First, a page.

Happy St Patrick's Day in Irish is easy to say but, as with many words in the Irish language, has very confusing spelling for non-native speakers. Here's your how to on how to greet people in Ireland's mother tongue and a few other sayings to keep in your wheelhouse for future use.
Considering the tiny dot on the map that is Ireland, the land of saints and scholars has spread its influence across all four corners of the globe. On March 17 every year, people all over the planet drink Guinness, don more shades of green than you even realized existed, and make fashion statements like DIY St Patrick's Day nails.
How to say Happy St Patrick's Day in Irish
As anybody who's familiar with Irish names will tell you, it's not a phonetic language so the best thing to do is just ignore the visual element of the phrase, and begin with the phonetics.
Happy St Patrick's Day in Irish, or as Gaeilge as we say in Irish, sounds like, “Law leh Paw-drig suna ghit.”
It's written as, “Lá Fhéile Pádraig sona duit!”
Here's a very handy video from Gaelchultúr Teoranta, a Youtube channel dedicated to making learning Irish easy.
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Easy Irish phrases
- Sláinte (slawn-cha)—technically means 'good health' but it's more commonly used to toast a drink!
- Failte (fall-cha)—welcome
- Dia dhuit (jee-ah-gwit) —hello
- Slán (slawn)—goodbye
- Go raibh maith agat (Guh rev mah agut)—thank you
- Tá failte romhat (taw fall-cha roat)—you're welcome
History of the Irish Language
Notoriously tricky, Irish is one of the oldest written and historical languages in the world. Per Údarás na Gaeltachta, it's a Celtic language that is closely related to Scottish and Manx Gaelic. It is also related to Welsh, Cornish, and Breton languages too.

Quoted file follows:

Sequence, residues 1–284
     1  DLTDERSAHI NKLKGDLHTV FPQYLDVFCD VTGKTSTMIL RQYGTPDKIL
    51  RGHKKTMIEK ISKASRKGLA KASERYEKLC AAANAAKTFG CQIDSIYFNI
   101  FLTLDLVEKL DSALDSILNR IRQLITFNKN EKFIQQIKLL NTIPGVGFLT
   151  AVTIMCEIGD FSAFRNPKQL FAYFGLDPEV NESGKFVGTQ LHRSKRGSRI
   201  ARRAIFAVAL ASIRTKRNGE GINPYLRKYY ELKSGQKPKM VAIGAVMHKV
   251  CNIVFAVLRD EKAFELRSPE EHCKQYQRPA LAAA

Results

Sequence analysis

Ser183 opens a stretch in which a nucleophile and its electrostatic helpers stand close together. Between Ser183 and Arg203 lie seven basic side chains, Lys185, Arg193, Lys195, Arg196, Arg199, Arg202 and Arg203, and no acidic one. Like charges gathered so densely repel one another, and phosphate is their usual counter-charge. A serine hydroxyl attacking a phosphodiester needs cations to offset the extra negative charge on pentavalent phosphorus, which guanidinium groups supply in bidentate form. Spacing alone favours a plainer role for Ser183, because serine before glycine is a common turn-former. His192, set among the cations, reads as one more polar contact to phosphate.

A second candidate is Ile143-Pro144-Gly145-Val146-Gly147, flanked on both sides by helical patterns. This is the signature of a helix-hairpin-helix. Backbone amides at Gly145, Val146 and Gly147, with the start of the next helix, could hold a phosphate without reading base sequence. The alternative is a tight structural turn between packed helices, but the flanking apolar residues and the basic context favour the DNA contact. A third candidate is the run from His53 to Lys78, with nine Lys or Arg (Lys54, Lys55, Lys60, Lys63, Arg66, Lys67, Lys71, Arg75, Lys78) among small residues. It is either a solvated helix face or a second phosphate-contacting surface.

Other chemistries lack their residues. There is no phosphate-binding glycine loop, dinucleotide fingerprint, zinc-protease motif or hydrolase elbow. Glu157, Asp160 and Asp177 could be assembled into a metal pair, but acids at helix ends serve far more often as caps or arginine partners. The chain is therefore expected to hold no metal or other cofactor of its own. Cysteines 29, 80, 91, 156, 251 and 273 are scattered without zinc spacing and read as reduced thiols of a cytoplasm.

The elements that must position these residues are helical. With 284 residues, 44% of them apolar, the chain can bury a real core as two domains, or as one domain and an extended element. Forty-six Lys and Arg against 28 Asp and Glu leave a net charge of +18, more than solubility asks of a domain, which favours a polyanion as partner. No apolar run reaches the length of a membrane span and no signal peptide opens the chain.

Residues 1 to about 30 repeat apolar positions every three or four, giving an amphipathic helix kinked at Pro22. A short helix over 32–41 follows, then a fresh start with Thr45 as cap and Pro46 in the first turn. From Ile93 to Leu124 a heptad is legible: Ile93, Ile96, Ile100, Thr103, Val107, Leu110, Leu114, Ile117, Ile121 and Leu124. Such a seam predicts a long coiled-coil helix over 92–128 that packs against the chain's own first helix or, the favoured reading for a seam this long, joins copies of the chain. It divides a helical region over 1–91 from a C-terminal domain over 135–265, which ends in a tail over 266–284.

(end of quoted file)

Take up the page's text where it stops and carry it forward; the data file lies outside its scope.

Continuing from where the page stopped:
It has three main dialects—Munster, Connacht, and Ulster—which differentiate the language.
Sadly, the Irish language is one of the many languages that have been ravaged by colonialism, with the vast majority of Irish people speaking English as their mother tongue.
Despite this, Irish people still learn to speak their native tongue in school and there are areas known as 'Gaeltacht' areas where the language is still the predominant language spoken.
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Aoife is an Irish journalist and writer with a background in creative writing, comedy, and TV production.
Formerly woman&home's junior news editor and a contributing writer at Bustle, her words can be found in the Metro, Huffpost, Delicious, Imperica and EVOKE.
Her poetry features in the Queer Life, Queer Love anthology.
Outside of work you might bump into her at a garden center, charity shop, yoga studio, lifting heavy weights, or (most likely) supping/eating some sort of delicious drink/meal.
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